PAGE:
Dragon Quest 10, the Wii MMORPG heading to Wii U and PC, may eventually make its way westward, however when it eventually releases in the overseas market it may not be in “the Dragon Quest style,” according to executive producer Yuu Miyake.
“As for whether it’ll be run in the Dragon Quest style in the overseas market, every nation has its own play style and sensibilities, so I don’t think it’ll be a single game worldwide like with Final Fantasy 11,” Miyake said.
“Different countries consume their games at different speeds and the way the communities are run also differ,” added producer Yosuke Saito. “Even the way people enjoy seasonal events is different, so I think we need to divide the running of it by country or region. So we’re thinking about having separate servers for each country.”
Saito went on to say he was sure people were surprised by the PC announcement back in June, but the team wanted to release DQ10 on PC “from the start” of development.
“The biggest reason was that, when thinking about which platform was most likely to be connected to a network, the PC was the first that popped into our minds,” he said. “We also live in an era where there’s nearly one PC for every household, and for people who grew up with Dragon Quest, PCs have been a natural part of their entire lives. We figured it wouldn’t seem unnatural.”
“Looking across the series from DQ8 onward, is that the business model of creating a retail package and releasing it exclusively on a single platform has become difficult to execute,” added Miyake. “Gamers’ play styles and tastes are getting segmented, and we can’t settle on a single platform. We’re also in an era where trying to make back development costs on a title good enough to be part of the main story is getting more difficult with the traditional business model.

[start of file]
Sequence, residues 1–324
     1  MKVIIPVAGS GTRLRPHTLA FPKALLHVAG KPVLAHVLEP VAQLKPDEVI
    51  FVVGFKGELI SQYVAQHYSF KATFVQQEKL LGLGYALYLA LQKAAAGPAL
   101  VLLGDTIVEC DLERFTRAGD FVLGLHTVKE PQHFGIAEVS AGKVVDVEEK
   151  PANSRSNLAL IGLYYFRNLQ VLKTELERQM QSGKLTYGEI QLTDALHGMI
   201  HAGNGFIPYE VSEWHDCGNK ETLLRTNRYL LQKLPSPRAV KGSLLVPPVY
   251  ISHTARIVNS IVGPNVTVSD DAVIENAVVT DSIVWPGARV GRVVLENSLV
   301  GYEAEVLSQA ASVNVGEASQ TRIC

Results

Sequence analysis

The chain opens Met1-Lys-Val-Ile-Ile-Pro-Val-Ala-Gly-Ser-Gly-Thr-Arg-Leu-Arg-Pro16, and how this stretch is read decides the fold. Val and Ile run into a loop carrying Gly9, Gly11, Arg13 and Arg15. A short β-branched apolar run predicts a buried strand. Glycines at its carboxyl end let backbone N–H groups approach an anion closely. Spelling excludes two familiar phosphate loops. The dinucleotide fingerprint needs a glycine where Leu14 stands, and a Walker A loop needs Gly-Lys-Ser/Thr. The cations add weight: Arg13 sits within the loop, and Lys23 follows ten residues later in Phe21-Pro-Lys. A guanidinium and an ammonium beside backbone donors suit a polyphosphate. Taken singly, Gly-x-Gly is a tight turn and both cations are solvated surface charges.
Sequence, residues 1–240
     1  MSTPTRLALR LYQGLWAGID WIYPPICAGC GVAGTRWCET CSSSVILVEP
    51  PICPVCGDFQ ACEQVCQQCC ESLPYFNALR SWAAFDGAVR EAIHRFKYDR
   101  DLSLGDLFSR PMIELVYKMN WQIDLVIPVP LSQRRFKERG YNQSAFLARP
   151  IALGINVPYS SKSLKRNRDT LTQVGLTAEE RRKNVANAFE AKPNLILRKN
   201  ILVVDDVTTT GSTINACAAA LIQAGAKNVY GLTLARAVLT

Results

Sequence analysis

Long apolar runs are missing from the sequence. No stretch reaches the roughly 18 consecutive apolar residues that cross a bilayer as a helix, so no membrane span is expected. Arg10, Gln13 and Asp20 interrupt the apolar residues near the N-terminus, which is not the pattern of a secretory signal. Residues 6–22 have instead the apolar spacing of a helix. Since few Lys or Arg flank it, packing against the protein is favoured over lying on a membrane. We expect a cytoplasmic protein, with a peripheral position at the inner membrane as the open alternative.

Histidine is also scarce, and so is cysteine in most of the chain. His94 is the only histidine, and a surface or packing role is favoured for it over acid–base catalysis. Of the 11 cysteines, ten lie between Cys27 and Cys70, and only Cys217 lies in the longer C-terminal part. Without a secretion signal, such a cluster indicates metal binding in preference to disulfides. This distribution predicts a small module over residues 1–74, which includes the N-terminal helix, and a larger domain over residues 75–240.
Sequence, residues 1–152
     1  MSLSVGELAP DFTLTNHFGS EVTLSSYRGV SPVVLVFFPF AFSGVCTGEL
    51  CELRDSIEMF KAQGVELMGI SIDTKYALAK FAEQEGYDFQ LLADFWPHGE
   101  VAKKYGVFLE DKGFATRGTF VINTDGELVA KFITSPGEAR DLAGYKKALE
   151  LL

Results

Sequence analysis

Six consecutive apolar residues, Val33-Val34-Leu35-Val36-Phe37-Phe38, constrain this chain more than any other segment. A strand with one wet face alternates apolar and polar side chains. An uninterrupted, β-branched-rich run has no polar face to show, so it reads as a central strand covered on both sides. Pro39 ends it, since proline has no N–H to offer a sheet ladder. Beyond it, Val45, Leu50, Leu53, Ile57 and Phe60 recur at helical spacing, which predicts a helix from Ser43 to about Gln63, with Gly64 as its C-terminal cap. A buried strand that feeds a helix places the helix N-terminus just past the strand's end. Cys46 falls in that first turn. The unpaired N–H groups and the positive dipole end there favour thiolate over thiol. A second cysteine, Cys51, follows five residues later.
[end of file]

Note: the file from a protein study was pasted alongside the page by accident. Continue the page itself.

“We have to build a new business model, one that doesn’t end with a retail package being purchased. So, when we decided to have DQ10 be an MMORPG, it was decided it’d be available for a monthly rate. Our direction was to center the game on a console that anyone can pick up and play, then gradually expand out to other platforms.”
The ultimate goal for Dragon Quest 10, according to both men, is to continue adding new stories to tell and new bosses to defeat as well as place where Dragon Quest fans can come together and “be comfortable”.
“I’m sure we’ll have DQ11 and DQ12 going into the future, but in parallel with that, I’d like to have a world within DQ10 where we can tell stories from DQ11 and DQ12,” said Saito. “I think it’d be great if we could keep DQ10 going for even ten or twenty years.”
Dragon Quest 10 arrives on Wii U in Japan in March and Square is currently taking beta applications for the PC version.
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